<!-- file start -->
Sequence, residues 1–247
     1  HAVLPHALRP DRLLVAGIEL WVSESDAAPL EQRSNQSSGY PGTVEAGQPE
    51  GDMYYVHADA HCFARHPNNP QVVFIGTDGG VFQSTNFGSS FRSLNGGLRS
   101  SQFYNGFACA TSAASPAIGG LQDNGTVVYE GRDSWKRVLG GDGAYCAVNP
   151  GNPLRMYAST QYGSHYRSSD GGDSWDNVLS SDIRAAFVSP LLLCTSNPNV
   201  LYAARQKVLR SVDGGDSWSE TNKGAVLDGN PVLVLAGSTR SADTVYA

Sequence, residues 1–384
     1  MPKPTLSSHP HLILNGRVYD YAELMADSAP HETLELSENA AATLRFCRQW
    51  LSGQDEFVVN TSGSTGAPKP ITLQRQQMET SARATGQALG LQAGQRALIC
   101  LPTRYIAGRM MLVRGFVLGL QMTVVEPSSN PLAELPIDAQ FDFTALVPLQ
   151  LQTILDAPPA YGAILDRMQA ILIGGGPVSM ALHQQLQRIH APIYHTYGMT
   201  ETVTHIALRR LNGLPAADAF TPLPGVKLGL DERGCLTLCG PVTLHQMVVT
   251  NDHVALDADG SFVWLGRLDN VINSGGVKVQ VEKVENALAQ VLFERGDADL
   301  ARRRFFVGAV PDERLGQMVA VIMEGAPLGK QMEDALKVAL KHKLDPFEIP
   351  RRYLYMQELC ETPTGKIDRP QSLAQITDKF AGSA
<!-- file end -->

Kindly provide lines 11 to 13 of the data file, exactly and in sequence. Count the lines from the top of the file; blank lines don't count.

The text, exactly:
   151  LQTILDAPPA YGAILDRMQA ILIGGGPVSM ALHQQLQRIH APIYHTYGMT
   201  ETVTHIALRR LNGLPAADAF TPLPGVKLGL DERGCLTLCG PVTLHQMVVT
   251  NDHVALDADG SFVWLGRLDN VINSGGVKVQ VEKVENALAQ VLFERGDADL